Even when held against your will, you can still refuse to take medications. However, if your behavior becomes dangerous to yourself or others–you become aggressive or physically assaultive–the doctor can order emergency medications to be administered to calm the situation down and to bring the patient back to a calmer state where they can exhibit more control over their behavior.

This is one of the only times a person can be given medications against their will and requires a physician’s order to do so. Another way that medication can be administered against the will of the patient happens when the court orders medication to be administered. This requires a special filing and a great deal of information to support the rationale that medication needs to be administered.

When will you be ready for discharge?

The normal length of stay in a psychiatric hospital today is quite short; just like in the medical hospital. The goal of any hospitalization is to identify the problem and to stabilize the condition in such a way that the patient can participate in outpatient care. For the mental health patient, this means stabilization on medications, resolution of aggressive, suicidal, or depressive symptoms so that the patient can again take charge of their own aftercare and follow-up treatments. Unfortunately, mental health patients do not always agree with the doctor as to when this point is reached.

The bottom line is you can be discharged only when the treatment team, which includes the doctor, the social worker, the nurse, and any other therapists involved in your care, all agree that you can resume responsibility for your own care and have the ability to participate in your aftercare treatment.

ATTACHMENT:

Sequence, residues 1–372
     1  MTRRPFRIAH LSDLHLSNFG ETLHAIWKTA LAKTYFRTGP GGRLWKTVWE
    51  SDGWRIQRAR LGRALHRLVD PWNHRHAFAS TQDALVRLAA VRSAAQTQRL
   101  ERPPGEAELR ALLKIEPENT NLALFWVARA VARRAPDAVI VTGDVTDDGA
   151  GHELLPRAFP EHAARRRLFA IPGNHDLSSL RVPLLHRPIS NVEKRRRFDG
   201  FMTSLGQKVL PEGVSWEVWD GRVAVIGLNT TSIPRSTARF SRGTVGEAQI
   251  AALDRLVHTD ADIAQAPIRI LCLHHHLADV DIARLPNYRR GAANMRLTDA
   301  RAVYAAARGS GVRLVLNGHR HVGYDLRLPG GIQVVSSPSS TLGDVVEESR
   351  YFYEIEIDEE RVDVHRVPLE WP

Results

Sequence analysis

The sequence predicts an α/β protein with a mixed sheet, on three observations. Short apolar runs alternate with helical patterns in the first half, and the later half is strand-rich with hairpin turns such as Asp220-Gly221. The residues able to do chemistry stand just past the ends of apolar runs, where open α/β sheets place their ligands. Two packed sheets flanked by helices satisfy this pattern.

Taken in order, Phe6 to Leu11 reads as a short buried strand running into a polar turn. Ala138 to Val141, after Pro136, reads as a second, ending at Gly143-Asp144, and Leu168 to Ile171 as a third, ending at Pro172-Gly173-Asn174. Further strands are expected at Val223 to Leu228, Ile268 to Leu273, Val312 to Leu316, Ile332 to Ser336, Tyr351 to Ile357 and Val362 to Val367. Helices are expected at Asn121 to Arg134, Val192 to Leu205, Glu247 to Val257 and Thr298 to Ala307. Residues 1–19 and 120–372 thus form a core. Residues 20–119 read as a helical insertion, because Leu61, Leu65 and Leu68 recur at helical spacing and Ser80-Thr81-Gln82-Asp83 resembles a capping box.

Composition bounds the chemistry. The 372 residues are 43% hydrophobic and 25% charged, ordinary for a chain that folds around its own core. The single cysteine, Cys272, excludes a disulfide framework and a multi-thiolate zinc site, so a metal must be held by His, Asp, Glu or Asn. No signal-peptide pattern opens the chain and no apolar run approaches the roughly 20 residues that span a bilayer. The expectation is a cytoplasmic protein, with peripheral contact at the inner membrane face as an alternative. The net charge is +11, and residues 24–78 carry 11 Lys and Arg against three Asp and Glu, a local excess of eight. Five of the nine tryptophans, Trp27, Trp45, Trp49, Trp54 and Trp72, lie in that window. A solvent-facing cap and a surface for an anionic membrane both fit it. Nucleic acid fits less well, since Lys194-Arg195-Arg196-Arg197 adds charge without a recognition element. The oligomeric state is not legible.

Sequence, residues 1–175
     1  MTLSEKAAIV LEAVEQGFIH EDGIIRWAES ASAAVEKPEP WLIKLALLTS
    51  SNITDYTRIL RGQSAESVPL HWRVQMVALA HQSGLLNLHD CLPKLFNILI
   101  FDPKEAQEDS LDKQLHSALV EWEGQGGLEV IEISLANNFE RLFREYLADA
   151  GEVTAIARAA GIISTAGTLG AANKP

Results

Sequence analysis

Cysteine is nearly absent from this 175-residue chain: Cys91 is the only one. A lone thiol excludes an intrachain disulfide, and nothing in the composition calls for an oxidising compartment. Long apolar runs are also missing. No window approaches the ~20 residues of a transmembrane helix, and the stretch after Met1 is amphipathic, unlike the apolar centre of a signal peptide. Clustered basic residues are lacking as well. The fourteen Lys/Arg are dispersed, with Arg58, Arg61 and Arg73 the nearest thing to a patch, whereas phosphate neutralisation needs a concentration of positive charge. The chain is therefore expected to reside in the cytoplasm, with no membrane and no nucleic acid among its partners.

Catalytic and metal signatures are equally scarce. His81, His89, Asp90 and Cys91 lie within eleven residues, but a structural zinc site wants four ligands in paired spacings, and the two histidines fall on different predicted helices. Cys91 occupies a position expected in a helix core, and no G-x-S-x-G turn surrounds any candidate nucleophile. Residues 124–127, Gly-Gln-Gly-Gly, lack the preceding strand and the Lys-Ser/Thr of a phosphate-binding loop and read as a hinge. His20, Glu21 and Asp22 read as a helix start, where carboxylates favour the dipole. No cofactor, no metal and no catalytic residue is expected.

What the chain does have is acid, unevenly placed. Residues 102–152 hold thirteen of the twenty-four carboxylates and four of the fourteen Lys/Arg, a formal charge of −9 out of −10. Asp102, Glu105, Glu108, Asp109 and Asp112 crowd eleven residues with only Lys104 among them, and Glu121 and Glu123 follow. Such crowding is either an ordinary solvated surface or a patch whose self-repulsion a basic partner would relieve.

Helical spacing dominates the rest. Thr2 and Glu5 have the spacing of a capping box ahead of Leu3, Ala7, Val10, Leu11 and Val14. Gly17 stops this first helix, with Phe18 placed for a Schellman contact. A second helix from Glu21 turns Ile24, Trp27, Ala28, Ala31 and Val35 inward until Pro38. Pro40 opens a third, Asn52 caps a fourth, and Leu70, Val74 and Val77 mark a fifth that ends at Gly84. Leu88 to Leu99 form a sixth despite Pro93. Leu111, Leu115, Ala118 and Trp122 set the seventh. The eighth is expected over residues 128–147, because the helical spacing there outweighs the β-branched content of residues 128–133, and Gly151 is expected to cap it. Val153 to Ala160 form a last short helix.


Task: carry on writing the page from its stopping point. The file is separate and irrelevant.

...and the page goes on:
Will you be “fixed” when you leave the hospital?

As stated before, you or your loved one will be dealing with this chronic illness for their entire life. Depression can go away, but once you experience depression, you may experience it again if situations become too stressful or unpleasant. Hearing voices and seeing people and things others cannot see will resolve with the proper medications, but may return if the medications are stopped or taken incorrectly.

Violent aggression and physical outbursts can occur in the healthiest person if the situation is set up correctly. These are not a specific sign of mental illness, but can be an indicator of the severity of the ongoing illness.

When you are discharged, you will receive aftercare plans with follow-up appointments. It is up to you, the patient, to take control and seek out ways to manage your mental health once you are discharged. Many patients fail to do any follow-up and this usually ends in a recurrence of the behavior that sent them to the hospital in the first place, so another admission may be required.

The truth of the matter is that we may all be in need of some type of mental health care in our lifetime. Mental health issues knows no boundaries. Movie stars, authors, scientists, teachers, athletes, and the average person can all be laid low when mental health issues appear. The problem is not how to get rid of these issues, but rather how to deal with them in a fair, honest and nonjudgmental way so that we all can live life to the fullest.